The Boy In The Jam Jar

An ideal first chapter book, this inclusive chapter book features Dylan – a boy who loves football and learning about space. But Dylan’s hearing is deteriorating meaning that he struggles to communicate with his friends in the way that he used to. A book that should be in all school libraries so our children can realise the difference we can all make to those around us.

My Other Life

A fabulous short chapter book for anyone who has ever wished their life was different. With a protagonist who has spent much of her life in hospital with asthma, this is the tale of what her life would be like if she wasn’t always so sick. Powerful and insightful, this is a book that needs to be read.

Children Of The Benin Kingdom

The perfect way to bring a topic on Rainforests alive, Children Of The Benin Kingdom explores life in one of Africa’s most fascinating kingdoms. When Ada’s beloved Papa Eze becomes ill, Ada discovers things about herself that show her her true destiny. It is time for her to travel deep into the forest, and heal the divisions that are tearing the kingdom apart.

The Good Thieves

Katherine Rundell’s newest release will certainly not disappoint. With children firmly in the driving seat of this fabulous adventure, Rundell has created a character that is both inspiring and believable in Vita. Accompanied by three very unusual children, their adventures in New City will put them all at risk. A book that will have children and grown ups alike, clinging to the edge of their seats.

The House Of Clouds

Produced on Barrington Stoke’s fabulous yellow paper, The House of Clouds is yet another excellent read by the incredible Lisa Thompson. This beautiful story shows children that there truly is wonder all around… as long as they remember to keep looking for it. A story that children (and adults) everywhere wI’ll both relate to and adore.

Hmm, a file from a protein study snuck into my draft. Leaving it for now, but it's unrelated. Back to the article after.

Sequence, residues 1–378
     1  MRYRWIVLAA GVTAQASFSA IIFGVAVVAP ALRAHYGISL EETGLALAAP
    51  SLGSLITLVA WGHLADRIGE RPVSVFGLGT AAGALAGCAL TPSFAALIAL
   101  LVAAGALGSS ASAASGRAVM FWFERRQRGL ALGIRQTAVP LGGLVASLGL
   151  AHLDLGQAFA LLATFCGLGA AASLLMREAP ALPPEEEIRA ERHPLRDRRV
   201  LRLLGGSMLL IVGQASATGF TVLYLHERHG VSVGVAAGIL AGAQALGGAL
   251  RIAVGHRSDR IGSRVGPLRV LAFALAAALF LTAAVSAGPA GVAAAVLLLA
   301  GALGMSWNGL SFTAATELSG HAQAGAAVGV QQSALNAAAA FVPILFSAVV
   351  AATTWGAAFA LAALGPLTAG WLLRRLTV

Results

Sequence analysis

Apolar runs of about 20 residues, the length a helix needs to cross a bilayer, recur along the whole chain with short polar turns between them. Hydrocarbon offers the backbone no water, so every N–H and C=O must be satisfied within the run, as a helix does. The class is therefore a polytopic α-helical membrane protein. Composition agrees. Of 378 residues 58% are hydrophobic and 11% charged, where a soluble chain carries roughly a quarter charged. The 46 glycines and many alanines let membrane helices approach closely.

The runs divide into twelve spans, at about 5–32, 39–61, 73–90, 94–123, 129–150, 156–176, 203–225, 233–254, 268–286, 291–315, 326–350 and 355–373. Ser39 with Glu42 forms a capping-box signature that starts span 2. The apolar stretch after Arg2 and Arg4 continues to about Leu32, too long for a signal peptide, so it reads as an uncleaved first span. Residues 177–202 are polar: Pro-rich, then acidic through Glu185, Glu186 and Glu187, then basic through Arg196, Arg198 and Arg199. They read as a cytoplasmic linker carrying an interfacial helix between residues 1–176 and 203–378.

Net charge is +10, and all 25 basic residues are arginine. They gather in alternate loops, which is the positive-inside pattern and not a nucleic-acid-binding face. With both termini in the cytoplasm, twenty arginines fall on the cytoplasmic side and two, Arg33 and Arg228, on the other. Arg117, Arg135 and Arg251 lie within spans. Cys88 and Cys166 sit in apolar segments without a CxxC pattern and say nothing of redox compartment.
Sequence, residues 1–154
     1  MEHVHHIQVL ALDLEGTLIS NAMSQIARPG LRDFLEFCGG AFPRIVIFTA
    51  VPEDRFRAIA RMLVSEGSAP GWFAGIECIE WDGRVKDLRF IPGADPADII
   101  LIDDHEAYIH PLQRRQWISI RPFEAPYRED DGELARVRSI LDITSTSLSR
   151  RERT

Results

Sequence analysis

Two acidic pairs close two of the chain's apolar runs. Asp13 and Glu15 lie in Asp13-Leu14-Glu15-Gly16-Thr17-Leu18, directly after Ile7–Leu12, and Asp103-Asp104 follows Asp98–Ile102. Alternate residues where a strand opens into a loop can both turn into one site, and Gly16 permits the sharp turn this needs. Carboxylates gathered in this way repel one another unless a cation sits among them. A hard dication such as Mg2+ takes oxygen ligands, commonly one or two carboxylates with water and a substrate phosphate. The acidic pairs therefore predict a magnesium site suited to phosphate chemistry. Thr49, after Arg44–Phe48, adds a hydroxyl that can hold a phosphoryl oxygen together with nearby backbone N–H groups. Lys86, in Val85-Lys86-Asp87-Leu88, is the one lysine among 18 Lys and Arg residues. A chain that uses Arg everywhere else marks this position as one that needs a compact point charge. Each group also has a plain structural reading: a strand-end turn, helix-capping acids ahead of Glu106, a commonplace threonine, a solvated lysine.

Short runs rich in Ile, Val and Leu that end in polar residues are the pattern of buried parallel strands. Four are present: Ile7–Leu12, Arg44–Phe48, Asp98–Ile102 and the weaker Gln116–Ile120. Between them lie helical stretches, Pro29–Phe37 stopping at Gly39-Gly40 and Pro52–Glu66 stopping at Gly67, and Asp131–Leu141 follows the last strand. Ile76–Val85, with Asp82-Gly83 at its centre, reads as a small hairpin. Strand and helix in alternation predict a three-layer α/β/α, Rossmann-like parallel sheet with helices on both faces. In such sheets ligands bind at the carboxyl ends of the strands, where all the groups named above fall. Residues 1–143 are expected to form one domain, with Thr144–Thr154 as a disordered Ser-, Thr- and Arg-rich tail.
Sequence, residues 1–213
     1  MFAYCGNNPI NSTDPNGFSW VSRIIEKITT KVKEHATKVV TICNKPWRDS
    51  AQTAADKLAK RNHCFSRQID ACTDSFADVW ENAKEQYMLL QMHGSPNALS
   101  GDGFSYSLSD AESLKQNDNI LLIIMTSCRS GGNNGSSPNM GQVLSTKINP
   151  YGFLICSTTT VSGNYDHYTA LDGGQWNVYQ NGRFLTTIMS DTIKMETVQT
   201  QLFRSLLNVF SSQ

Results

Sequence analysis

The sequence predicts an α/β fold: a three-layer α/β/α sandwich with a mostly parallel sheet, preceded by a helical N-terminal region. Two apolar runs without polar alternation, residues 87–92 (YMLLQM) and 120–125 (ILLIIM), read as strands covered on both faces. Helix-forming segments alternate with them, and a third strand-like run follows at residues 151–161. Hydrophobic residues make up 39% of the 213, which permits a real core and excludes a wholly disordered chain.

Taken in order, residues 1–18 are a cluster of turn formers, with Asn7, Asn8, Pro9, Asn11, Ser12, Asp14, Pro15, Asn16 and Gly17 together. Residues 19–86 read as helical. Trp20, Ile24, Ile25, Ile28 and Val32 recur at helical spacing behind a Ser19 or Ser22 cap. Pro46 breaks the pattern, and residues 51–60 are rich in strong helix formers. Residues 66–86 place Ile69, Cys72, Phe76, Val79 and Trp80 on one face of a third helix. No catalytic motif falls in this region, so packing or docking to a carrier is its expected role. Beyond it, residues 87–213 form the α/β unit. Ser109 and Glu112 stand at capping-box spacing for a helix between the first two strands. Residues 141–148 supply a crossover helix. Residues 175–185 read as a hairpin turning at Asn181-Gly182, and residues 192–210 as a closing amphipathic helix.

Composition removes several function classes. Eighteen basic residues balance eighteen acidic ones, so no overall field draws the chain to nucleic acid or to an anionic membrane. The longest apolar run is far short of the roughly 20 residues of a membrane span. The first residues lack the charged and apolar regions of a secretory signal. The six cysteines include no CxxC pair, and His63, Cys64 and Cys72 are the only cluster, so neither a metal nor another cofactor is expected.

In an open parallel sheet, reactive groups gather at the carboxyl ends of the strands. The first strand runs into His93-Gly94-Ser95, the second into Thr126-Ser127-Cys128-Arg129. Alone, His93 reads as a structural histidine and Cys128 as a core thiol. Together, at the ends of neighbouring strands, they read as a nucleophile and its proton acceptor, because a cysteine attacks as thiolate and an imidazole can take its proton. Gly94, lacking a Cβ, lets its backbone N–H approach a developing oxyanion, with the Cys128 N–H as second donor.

To Liberty: The Adventures Of Thomas-Alexandre Dumas

A fabulous book for children who dream of stepping back through time to other periods of history. Despite being a relatively short read, this is a book that draws a fabulous line between accessibility and detail. When Alex and his father move home to France, they don’t expect to be joining the French Revolution. In this powerful story Alex fights not only for his own freedom, but for that of France.

After The War

After The War, is a book packed full of hope. Set on the shores of Lake Windermere, this is a book that’s having read it whilst holidaying in the Lake District, I can assure you that will enable even those who have never visited to picture it’s incredible surroundings. Right from the first pages, where Palmer sets out the arrival of the boys from war torn Poland, this story creates characters who readers will care about ensuring they are gripped from start to finish.

My Friend The Alien